The discussion again focused on the main concern of the court - can the hospital sustain this type of loss and for how long? Hammond's response - Yes, it can. "Right now we're about 40-45 days behind on our accounts payable, and this past week our Medicare and Medicaid payments were up," said Hammond. "I've also streamlined our business office to keep our revenue cycle management in tune to compress the days between the time the patient is discharged and when we can bill it. With these two new doctors coming on, with the one we have and the one more that we're pursuing, they will be the single most important weapons to thwart this loss. Most hospitals today live by their outpatient volumes, and we need that here. We need laboratory, radiology, physical therapy, and these new doctors will help do that. One of the most vicious weapons against a rumor is the truth. If you hear rumors and things out there in the community, or you get asked questions by your constituents, please don't hesitate to call me, because what you'll hear from me is the truth."
With that, the court members thanked Hammond for his time and moved on to the next order of business, delinquent county fines. "Last time I checked, we had around $700,000 in outstanding fines," said County Judge Charles Willett. "Erma Harris, managing editor of the paper came by and offered us space in the paper for no charge if we wanted to print our delinquent fines. She thought that might be the way to help us collect it, and just volunteered us the spot to help collect the money." The court members agreed that this was a good idea and passed a motion to do this.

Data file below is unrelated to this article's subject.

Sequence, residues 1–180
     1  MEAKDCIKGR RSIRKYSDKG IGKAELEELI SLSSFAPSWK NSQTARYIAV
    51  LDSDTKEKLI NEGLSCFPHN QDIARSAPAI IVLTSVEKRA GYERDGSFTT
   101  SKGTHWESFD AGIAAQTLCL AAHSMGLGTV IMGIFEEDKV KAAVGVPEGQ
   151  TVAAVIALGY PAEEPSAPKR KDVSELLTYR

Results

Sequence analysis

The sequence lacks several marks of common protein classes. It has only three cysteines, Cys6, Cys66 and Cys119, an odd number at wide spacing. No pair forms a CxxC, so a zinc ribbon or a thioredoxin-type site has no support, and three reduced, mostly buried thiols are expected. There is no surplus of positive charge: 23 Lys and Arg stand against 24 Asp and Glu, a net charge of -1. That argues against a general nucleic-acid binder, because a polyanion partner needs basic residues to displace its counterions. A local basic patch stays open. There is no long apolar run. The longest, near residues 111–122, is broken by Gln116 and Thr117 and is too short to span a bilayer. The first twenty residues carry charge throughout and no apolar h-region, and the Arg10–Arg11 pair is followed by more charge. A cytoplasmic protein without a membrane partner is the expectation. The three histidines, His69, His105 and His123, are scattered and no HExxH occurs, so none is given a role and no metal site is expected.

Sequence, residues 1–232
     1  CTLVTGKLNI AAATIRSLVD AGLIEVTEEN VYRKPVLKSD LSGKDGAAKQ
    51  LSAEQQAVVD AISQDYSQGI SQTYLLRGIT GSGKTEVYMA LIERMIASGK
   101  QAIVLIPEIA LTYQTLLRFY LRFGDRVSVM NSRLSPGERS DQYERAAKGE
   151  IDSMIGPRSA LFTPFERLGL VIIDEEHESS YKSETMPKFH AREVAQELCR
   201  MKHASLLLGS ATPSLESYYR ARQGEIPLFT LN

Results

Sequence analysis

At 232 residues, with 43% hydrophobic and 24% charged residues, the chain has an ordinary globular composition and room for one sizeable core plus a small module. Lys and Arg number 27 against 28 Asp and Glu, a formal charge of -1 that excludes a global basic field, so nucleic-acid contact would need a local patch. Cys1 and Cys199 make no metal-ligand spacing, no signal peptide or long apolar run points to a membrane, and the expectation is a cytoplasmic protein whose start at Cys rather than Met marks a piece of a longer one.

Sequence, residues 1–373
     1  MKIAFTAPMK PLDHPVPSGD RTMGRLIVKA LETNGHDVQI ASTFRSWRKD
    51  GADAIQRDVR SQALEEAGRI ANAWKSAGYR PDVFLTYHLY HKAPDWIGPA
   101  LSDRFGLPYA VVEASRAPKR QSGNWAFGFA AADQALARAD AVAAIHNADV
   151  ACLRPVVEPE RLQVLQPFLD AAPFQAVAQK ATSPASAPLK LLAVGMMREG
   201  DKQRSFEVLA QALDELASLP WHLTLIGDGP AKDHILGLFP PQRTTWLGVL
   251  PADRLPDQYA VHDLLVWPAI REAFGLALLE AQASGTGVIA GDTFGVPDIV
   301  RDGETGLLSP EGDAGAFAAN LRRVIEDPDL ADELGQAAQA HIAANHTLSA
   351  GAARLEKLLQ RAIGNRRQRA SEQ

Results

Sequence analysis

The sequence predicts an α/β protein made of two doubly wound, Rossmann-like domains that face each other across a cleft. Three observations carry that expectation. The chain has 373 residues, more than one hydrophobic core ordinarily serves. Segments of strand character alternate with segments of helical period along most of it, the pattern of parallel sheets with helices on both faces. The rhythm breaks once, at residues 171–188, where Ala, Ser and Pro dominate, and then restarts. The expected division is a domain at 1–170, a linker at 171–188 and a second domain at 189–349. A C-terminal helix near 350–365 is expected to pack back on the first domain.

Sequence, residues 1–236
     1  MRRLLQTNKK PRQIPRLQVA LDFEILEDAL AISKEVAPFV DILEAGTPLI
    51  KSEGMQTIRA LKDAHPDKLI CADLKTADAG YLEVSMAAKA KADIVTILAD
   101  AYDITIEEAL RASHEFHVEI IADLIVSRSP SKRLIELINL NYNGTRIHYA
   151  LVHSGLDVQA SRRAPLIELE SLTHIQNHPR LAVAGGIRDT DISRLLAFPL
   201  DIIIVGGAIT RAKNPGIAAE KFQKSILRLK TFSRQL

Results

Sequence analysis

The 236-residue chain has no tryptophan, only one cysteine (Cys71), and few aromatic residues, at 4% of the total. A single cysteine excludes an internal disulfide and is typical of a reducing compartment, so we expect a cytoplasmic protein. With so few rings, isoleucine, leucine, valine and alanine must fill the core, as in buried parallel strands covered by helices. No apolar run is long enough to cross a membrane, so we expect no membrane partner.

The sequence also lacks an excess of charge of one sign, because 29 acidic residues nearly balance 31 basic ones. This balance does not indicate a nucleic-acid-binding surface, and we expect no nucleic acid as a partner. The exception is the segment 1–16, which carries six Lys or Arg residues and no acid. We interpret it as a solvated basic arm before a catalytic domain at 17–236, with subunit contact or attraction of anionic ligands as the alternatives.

Next up was the monthly sales tax appropriation for the hospital in the amount of $13,445.47. This was approved, and the judge brought up a new grant which the hospital is applying for to help make the older section of the hospital more energy efficient. "It is the American Recovery And Reinvestment act, and they're putting in for windows and new heat and air in the old section of the hospital," said Willett. "If it's approved, it has to be governed through the county, and we would appropriate it here. They have to bring all the bills by us here and we'll appropriate the money as needed." The court passed the motion for the hospital to proceed in applying for the energy block grant.
The court also reviewed a letter from the Arkansas Building Authority regarding the lease of the revenue office in town. "We lease the revenue office to them, and last year we raised it to $250 from $120," said Willett. "They want to renew for an additional two years. Do we want to keep the same price or ask for an increase?" The court voted for an increase to $275 to help cover the increase in the cost of utilities, which the county pays for.
Finally, the court discussed the recent article regarding K2, a new herbal compound that has recently been seen in the area and has left law enforcement officials in a quandary about ways to combat the use of this legal drug that is comprised of a similar chemical makeup as THC, the psychoactive ingredient in marijuana. Concerned members of the court asked if the county could in fact ban the substance, as some cities have done in both Missouri and Arkansas. Judge Willett said he would consult with County attorney Dewayne Plumlee on the matter and report back at the next meeting. With that, the court adjourned. The next meeting will be Monday, April 12 at the Fulton County Courthouse.